My mom, my sister and I spent October 9-11 watching Pastor Alistair Begg preach Titus 3. He preached four separate sermons on a passage of scripture that has only three short chapters. How is it that he could preach so much on so little and captivate five hundred people?
Imagine sitting next to him, close, like you’re sitting on a bench with a friend.
“Have you brought your bible?” he asks.
Yes,” you say, and hand it to him.
“Let’s open our bibles to Titus 3” says the Pastor. He opens the bible and instead of words on a page it looks like a kids’ popup book. Dusty stone first century buildings clustered tightly, bright with middle eastern sun; people are moving through the streets shopping and chasing after their kids; Paul is preaching in the synagogue. Goats and sheep are being herded through crowded streets toward the temple or the marketplace. Imagine the bible on Pastor’s lap as a real page of history: living and moving and alive and understandable.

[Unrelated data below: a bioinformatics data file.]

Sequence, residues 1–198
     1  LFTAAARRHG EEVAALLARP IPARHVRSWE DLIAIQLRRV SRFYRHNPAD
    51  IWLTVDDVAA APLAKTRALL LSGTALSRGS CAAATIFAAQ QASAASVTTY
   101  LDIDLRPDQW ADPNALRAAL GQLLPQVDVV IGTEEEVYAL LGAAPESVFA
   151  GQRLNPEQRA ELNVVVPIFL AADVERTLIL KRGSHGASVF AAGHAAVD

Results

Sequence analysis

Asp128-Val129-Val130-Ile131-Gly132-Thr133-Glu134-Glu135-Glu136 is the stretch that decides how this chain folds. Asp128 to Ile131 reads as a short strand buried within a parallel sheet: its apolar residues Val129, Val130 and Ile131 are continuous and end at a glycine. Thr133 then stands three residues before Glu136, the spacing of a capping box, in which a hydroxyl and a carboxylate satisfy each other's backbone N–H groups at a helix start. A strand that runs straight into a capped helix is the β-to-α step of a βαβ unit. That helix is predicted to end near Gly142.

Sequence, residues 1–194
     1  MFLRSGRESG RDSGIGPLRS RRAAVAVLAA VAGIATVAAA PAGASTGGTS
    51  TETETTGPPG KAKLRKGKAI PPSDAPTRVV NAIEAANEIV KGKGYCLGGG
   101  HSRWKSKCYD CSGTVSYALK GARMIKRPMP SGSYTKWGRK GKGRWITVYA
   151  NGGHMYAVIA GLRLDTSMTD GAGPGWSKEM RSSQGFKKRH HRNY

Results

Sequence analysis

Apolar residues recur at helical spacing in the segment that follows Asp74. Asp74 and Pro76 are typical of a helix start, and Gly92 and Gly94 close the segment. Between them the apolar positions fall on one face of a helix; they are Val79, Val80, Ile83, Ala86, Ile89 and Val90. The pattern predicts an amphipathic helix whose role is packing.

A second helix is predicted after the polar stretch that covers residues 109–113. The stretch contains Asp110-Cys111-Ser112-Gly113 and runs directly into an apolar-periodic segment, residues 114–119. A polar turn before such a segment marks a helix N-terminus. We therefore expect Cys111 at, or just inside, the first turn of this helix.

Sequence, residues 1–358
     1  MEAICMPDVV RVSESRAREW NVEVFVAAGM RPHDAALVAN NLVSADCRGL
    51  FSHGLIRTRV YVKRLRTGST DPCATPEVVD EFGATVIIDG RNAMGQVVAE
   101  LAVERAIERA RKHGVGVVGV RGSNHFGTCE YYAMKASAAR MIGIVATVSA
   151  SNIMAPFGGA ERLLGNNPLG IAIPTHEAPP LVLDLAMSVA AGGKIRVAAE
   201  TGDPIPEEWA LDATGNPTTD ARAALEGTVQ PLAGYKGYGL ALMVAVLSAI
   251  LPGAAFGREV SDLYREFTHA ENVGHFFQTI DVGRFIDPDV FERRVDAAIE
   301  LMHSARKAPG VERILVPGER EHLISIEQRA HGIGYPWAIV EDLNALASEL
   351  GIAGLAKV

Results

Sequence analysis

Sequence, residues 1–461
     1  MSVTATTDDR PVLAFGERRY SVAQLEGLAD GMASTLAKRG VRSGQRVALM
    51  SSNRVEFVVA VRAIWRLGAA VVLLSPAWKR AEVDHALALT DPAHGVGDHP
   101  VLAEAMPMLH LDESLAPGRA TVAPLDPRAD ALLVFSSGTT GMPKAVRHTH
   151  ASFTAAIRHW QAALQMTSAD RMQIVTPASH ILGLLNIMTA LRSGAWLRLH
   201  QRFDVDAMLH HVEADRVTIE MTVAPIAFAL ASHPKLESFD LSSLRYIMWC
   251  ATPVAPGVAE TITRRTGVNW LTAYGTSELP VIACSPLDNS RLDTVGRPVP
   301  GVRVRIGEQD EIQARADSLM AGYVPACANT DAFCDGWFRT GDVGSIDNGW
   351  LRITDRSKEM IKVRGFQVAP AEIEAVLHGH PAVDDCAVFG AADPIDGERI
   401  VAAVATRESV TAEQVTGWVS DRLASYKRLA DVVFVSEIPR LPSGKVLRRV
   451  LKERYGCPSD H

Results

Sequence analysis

“But avoid foolish disputes, genealogies, contentions, and strivings about the law” Pastor says, reading from Titus 3:9 and pointing at the crowd of people outside the synagogue who are most clearly arguing, apparently foolishly. “You’re thinking people, loved ones, you can see it for yourselves.” We nod, yes we can see it. Show us more, say the five hundred captivated people sitting next to him on that bench.